Check out VYCC in the latest issue of VTDIGGER!

August 8, 2017 | 

Vermont Youth Conservation Corps: A first-job trailblazer By Kevin O’Connor

BRATTLEBORO — Most teenagers looking for first jobs are limited to baby-sitting or stocking shelves.

“There are a couple of stores that maybe will take you,” 16-year-old Gavin Waite said, “but you can’t work at a gas station because you can’t sell cigarettes or alcohol.”

That’s why the young Vermonter took another path.

Waite is one of nearly 300 students who are blazing forest trails and tending farmland this summer as part of the Vermont Youth Conservation Corps.

The soon-to-be Brattleboro Union High School junior has woken early weekdays to put on a hardhat and heavy shirt, pants and boots, pick up a shovel, hoe and shears, and pursue such tasks as building a 20-foot bridge and pulling invasive plants.

“The mosquitoes are really annoying,” Waite said. “Then there’s working in all that mud. And moving all those big rocks.”

Then again, the student, working at the local Retreat Farm, can hear birdsong, feel a breeze and see a paycheck in an otherwise barren youth employment field.

The national teen labor force participation rate, which peaked at almost 60 percent in 1979, has dropped to about 35 percent as recession-ravaged adults have taken many of the lower-skill-and-wage jobs that used to be the province of entry-level workers.

Vermont Youth Conservation Corps
Vermont Youth Conservation Corps members, from left, Damian Dierkes, Gavin Waite and Ashley Dierkes build a trail at Brattleboro’s Retreat Farm. Photo by Kevin O’Connor/VTDigger

Digging alongside Waite, fellow honor-roll student Ashley Dierkes said the corps’ weekday schedule of 7:45 a.m. to 4:30 p.m. is more reliable that trying to schedule baby-sitting gigs.

“If you have connections you can work at certain places,” the 16-year-old East Dummerston girl said, “but when you’re younger, a job is hard to find.”

The VYCC began in 1985 and is based on the 1930s Civilian Conservation Corps that paid Depression-era members to build hiking trails, ski hills and state parks. Dierkes’ brother, Damian, is finding present conditions similar to the past in one respect — crew members are unplugged from digital devices.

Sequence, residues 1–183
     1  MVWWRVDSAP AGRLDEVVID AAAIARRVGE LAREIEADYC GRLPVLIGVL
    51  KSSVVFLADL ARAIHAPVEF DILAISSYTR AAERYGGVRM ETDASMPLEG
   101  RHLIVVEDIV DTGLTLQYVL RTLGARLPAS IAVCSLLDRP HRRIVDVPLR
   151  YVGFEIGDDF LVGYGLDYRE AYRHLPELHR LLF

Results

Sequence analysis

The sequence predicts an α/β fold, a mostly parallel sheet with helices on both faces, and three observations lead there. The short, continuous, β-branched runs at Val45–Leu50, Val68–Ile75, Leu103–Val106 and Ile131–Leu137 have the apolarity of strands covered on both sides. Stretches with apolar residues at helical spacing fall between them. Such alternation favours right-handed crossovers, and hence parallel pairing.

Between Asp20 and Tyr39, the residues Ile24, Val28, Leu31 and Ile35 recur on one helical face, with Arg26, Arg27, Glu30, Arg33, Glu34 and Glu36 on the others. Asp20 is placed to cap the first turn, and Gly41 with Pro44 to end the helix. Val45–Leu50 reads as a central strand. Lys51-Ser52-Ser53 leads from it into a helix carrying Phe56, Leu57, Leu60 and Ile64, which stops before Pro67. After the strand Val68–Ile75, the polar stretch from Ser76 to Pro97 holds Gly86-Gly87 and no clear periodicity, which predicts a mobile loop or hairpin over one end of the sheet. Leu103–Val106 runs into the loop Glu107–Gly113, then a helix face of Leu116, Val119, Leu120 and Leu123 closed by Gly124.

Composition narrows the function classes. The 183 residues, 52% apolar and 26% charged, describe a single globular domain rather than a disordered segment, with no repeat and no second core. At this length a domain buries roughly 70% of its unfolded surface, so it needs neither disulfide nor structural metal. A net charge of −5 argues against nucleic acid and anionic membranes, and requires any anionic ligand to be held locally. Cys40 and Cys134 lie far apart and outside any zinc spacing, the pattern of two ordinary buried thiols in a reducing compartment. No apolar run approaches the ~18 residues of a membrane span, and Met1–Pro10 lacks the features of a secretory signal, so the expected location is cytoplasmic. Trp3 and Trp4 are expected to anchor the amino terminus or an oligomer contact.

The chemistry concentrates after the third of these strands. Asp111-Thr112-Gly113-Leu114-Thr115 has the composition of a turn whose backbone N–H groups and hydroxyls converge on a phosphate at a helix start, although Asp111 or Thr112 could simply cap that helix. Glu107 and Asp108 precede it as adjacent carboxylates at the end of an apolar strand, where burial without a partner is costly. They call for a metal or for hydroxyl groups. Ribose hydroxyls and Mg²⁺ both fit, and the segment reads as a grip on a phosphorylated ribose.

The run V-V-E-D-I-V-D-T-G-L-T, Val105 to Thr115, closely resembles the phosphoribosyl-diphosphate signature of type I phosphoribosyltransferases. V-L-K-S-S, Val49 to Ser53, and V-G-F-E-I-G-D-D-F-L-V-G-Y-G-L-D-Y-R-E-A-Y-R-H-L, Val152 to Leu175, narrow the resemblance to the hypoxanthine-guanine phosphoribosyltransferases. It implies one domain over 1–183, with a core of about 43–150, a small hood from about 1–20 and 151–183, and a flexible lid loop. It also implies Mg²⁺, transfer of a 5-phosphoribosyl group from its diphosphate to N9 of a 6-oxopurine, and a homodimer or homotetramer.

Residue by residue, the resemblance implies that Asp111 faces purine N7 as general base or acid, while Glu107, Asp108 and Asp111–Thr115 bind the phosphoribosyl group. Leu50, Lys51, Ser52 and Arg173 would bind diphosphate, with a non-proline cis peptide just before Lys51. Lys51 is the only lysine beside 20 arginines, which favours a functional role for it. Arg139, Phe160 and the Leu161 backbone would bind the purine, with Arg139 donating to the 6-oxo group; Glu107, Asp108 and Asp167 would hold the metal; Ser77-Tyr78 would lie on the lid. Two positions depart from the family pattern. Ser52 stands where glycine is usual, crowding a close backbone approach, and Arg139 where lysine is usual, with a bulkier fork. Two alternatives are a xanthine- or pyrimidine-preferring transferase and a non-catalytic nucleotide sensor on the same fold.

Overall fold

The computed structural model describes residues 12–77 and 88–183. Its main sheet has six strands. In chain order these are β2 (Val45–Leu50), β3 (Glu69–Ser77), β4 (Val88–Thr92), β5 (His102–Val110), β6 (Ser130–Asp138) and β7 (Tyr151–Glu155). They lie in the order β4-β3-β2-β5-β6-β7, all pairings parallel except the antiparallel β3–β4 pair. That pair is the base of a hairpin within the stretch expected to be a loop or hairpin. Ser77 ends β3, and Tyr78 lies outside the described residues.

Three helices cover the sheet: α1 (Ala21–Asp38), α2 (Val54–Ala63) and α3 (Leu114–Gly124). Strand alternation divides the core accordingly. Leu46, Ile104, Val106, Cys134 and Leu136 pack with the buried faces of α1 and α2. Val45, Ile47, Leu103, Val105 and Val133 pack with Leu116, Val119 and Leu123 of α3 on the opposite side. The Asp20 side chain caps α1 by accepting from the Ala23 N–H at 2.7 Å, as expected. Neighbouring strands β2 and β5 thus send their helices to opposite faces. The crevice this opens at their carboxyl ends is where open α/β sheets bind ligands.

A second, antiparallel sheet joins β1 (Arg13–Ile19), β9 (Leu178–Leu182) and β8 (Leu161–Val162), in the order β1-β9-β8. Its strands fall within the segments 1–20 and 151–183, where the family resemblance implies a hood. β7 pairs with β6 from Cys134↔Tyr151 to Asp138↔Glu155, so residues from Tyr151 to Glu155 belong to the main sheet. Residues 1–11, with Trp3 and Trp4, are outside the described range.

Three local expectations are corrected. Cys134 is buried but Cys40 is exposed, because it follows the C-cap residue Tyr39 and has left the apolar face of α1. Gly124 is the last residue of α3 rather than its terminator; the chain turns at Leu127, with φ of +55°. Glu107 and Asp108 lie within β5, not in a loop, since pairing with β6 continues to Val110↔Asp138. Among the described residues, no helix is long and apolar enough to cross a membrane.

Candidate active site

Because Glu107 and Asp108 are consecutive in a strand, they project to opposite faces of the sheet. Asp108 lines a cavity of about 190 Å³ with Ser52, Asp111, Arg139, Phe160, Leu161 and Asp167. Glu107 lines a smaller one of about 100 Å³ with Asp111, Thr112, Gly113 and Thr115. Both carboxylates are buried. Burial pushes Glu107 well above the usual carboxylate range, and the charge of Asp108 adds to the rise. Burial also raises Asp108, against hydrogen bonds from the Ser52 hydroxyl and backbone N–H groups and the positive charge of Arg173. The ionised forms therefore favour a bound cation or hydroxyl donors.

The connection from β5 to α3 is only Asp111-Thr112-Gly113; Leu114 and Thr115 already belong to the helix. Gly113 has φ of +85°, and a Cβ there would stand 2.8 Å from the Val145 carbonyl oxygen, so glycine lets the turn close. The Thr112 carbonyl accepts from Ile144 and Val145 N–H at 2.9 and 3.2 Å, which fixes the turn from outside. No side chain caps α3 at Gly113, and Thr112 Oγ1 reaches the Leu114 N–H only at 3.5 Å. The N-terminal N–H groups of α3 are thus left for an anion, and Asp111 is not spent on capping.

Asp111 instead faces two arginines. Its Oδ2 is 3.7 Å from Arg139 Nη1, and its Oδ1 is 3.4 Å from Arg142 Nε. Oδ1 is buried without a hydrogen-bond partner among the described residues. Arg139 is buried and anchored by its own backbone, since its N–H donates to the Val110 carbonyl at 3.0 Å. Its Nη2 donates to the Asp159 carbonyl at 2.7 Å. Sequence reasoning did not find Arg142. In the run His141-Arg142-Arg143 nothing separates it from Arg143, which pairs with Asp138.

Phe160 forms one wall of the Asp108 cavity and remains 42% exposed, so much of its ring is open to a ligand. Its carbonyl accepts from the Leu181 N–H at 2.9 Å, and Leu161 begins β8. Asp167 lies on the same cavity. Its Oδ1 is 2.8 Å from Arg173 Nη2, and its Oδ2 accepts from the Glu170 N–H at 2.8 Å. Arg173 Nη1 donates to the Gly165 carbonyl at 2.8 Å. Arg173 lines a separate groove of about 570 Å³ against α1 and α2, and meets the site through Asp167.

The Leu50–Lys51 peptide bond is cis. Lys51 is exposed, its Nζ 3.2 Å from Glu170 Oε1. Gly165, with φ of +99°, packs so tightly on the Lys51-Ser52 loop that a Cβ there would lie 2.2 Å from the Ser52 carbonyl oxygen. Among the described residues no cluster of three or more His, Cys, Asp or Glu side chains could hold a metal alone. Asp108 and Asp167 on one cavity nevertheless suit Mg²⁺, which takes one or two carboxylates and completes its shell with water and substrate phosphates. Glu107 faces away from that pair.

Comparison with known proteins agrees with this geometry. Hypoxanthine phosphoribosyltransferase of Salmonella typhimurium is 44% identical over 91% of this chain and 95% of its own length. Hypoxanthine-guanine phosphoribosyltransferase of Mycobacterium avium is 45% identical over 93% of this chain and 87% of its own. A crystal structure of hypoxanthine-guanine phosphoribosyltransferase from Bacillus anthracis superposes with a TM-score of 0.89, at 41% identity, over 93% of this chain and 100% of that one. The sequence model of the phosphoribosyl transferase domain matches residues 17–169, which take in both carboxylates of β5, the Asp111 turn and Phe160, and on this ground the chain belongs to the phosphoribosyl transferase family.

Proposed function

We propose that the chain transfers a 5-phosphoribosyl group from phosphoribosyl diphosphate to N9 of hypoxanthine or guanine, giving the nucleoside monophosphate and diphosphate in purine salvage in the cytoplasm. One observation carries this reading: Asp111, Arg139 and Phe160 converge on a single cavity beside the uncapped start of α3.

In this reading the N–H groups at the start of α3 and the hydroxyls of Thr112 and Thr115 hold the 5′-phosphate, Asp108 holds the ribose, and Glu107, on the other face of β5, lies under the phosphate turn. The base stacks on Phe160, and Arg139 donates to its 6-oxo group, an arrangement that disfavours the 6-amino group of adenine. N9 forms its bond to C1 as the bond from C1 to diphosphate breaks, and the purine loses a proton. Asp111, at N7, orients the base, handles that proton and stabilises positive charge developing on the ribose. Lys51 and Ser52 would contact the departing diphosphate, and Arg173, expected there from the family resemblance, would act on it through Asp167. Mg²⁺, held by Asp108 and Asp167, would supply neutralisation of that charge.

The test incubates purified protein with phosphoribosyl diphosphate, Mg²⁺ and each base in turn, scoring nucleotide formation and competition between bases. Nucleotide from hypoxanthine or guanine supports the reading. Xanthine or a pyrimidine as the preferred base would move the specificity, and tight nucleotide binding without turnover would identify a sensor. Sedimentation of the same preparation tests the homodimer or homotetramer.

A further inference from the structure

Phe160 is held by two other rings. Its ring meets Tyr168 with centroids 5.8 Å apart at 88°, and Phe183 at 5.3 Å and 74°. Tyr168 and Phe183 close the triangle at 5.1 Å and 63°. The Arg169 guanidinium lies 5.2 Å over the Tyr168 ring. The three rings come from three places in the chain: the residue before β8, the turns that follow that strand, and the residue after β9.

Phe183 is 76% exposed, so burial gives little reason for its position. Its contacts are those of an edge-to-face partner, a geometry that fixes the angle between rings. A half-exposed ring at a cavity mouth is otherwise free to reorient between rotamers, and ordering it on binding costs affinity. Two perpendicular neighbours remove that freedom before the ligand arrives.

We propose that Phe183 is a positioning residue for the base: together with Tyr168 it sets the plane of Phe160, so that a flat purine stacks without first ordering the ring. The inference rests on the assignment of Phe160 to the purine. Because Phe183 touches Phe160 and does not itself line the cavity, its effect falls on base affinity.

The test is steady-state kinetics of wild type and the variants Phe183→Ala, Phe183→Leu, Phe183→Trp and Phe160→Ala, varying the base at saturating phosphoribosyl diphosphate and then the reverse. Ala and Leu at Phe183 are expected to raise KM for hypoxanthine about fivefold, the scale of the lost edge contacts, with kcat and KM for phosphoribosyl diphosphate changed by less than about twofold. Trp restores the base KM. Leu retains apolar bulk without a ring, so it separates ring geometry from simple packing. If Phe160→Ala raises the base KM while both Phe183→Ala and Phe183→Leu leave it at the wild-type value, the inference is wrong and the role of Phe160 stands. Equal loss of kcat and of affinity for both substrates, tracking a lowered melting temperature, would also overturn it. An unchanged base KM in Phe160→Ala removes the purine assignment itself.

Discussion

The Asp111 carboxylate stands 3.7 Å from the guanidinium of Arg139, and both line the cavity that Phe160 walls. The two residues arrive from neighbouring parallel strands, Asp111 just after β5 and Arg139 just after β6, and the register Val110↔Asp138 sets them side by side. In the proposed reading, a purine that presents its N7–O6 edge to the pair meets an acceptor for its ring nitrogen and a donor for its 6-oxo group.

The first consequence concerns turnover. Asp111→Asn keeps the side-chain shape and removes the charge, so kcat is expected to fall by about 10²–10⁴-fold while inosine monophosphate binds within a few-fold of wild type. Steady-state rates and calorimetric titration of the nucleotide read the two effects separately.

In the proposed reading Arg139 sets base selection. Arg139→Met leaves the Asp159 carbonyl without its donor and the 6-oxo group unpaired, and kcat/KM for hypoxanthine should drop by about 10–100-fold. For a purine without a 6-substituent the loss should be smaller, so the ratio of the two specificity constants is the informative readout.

“I like being on my cellphone a lot,” the 15-year-old said, “so it’s weird not being on it.”

“Usually I would be checking social media all day long,” Waite added, “but here you’re not allowed to.”

That said, the organization is taking to the internet to share its schedule of public introductory programs Monday at 5 p.m. at St. Albans City Hall Auditorium, Wednesday at 4 p.m. at Woodstock’s Marsh-Billings-Rockefeller National Historical Park, Thursday at 5:30 p.m. at Manchester Community Library and Aug. 15 at 5 p.m. at Barre’s Aldrich Public Library.

“A lot of people don’t know the Vermont Youth Conservation Corps is doing really great work,” program services manager John Woodward said. “We’re going to continue to hire, train and send out more youth all around the state to complete important, impactful projects.”

And to learn a few real-world lessons.

“I thought this would be a good first job,” Waite said.

Then the teenager received his first check.

“I found out I’m not a fan of taxes,” he said. “But the best payoff is just the whole experience.”